Public Service Enterprise Group Inc. (PSEG), one of the nation’s largest electric companies, has announced a goal to eventually eliminate carbon emissions from its power generation fleet, bringing the company closer in line with other large utilities across the country aiming to achieve similar targets.

Newark, NJ-based PSEG said it expects to cut carbon emissions from the fleet by 80% below 2005 levels by 2046 as part of a broader initiative to attain net-zero carbon emissions by 2050, “assuming advances in technology and public policy.” To support those goals, the company said it has no plans to build or acquire fossil fuel-fired power plants.

“The science of climate change is clear and we believe society must move beyond simply heeding warnings to acting on them,” PSEG CEO Ralph Izzo said. The company recognizes there “is no magic bullet” to get the country to a 100% carbon free future, but “we know climate change and the need to decarbonize our economy mean that this company and others like it must work toward a greener future.”

The announcement comes as part of PSEG’s Powering Progress initiative launched last year to bolster energy efficiency and clean energy programs. PSEG said its generation fleet has already reduced carbon emissions intensity by 40% since 2005, something it attributes to its nuclear power units, gas-fired generation and renewables. The company serves 2.3 million electric customers and 1.8 million natural gas customers in New Jersey.

It joins other utilities across the country that are aiming to reduce their carbon footprints as state legislatures, particularly those under Democratic control, are increasingly implementing and proposing policies to wean constituents off fossil fuels, which could ultimately impact natural gas demand.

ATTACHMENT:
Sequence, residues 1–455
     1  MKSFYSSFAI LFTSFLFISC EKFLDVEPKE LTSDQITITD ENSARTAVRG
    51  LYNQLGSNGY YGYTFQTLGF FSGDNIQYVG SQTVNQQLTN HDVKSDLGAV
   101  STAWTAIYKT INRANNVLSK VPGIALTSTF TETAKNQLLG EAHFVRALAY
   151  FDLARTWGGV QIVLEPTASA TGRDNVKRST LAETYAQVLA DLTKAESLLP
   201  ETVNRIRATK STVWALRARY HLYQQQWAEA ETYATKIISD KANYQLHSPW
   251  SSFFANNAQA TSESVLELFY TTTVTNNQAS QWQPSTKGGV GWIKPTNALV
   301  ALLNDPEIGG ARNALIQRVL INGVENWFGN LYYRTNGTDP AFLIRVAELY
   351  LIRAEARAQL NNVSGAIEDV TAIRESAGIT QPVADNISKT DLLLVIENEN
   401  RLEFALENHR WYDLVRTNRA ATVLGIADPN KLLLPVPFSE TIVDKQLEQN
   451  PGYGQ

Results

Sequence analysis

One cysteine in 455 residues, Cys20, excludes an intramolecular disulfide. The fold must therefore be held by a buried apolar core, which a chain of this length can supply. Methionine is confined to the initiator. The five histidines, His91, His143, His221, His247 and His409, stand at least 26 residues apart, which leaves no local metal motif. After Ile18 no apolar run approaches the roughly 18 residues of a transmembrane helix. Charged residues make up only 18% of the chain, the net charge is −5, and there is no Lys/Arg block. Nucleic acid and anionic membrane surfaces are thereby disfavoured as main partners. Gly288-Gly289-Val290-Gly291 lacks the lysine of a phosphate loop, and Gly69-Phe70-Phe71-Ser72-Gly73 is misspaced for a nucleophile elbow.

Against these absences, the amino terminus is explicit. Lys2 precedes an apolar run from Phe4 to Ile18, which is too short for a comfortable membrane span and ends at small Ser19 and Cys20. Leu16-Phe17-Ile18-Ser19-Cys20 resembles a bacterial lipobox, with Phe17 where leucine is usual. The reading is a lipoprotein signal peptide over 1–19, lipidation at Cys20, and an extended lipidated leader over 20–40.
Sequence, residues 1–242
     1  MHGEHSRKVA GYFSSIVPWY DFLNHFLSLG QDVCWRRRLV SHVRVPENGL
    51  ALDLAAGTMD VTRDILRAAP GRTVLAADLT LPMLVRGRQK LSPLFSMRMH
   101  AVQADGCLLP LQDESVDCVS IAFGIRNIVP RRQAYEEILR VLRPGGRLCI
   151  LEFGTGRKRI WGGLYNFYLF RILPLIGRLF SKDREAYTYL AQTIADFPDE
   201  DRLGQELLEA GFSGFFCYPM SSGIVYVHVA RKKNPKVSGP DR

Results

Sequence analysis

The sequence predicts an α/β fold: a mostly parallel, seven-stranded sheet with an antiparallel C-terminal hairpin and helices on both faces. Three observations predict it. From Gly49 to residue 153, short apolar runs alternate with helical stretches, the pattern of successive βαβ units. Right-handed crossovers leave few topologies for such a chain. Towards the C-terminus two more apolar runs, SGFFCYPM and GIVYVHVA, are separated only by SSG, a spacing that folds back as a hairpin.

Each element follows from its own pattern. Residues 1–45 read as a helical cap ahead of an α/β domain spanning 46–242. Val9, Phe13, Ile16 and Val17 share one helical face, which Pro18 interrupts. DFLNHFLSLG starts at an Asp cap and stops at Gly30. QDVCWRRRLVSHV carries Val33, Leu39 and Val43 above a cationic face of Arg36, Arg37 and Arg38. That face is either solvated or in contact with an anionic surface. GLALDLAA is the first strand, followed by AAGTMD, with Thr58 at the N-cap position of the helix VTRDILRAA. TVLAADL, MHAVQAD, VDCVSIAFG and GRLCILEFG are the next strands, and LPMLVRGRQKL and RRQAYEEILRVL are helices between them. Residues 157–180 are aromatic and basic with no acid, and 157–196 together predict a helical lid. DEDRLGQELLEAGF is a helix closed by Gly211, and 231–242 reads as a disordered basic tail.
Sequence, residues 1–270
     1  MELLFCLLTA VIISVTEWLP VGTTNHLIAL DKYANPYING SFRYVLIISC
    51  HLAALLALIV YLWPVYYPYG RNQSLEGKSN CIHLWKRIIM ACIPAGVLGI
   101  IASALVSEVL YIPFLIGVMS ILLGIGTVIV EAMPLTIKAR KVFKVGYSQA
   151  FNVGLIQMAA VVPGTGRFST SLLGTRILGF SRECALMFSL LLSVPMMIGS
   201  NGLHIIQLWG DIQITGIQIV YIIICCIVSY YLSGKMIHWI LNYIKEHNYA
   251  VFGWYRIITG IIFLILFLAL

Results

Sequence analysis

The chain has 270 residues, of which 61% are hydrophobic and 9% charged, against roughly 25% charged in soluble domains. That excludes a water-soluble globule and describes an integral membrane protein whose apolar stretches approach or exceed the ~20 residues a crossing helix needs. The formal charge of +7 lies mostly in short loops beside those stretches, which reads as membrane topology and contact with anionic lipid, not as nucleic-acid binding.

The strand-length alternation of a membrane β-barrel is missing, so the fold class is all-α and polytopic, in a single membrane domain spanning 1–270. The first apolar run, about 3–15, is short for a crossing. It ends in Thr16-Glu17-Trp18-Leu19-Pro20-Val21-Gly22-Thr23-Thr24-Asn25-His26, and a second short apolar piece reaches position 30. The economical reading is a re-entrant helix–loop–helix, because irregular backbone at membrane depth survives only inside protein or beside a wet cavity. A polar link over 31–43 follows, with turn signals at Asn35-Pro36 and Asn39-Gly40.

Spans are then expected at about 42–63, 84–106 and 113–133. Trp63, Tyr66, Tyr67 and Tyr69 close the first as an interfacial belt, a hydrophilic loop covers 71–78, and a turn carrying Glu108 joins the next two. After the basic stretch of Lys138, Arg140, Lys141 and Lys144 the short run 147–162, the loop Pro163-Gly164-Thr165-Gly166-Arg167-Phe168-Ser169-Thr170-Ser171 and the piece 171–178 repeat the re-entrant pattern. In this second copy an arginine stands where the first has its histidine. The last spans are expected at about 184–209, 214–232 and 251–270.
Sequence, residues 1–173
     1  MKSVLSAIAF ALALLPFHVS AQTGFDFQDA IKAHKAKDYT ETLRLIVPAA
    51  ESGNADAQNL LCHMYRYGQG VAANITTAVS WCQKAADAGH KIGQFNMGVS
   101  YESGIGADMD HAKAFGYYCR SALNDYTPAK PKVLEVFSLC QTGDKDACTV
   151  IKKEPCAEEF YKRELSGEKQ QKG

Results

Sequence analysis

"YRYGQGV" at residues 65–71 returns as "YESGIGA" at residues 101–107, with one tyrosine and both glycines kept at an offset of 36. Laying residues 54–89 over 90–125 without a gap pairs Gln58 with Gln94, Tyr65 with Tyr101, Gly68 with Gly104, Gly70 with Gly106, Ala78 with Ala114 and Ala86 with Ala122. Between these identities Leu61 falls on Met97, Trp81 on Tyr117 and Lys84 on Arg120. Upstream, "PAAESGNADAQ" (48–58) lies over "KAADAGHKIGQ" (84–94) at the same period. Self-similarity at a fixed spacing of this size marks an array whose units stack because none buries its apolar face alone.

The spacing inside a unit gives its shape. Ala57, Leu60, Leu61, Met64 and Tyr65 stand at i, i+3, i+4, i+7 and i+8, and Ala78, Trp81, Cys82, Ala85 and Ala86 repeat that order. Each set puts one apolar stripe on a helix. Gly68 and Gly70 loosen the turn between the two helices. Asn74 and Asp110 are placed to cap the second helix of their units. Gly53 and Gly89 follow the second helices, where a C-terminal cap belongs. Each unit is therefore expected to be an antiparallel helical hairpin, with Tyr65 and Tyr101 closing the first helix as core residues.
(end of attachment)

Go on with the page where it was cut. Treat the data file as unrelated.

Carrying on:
PSEG owns about 11,500 MW of generating capacity, and roughly 6,000 MW consists of combined- and simple-cycle power plants that use oil and natural gas. The company said Tuesday that it’s also completed its 1,800 MW combined-cycle gas turbine construction program, as commercial operations started in June at the 485 MW Bridgeport Harbor 5 facility in Connecticut. 

Additionally, PSEG owns 3,700 MW of nuclear generating capacity, some of which would benefit from annual subsidies recently implemented in the state to keep those facilities open. 

By 2021, the company expects to have retired or sold more than 2,400 MW of coal-fired generation, bringing it close to eliminating the fuel from its portfolio. The company said in June it agreed to sell its interest in two coal-fired power plants in western Pennsylvania.

PSEG also has invested heavily in solar energy resources, dumping $1.8 billion into 674 MW of solar, including 262 MW in New Jersey and 412 MW in 13 other states.

The move to further lower carbon emissions at PSEG comes at a time when New Jersey’s Democratic Gov. Phil Murphy is pushing his goal of the state generating 100% of its power from renewables by 2050. State regulators recently released a draft plan aimed at advancing that target.

In 2017, PSEG also sold its stake in the PennEast Pipeline, which would move more than 1 Bcf/d from Appalachian shale fields to parts of Pennsylvania and New Jersey. PSEG said it sold the stake to better focus on its generating fleet. The pipeline, however, has been delayed in the face of staunch opposition from the Murphy administration and environmental groups.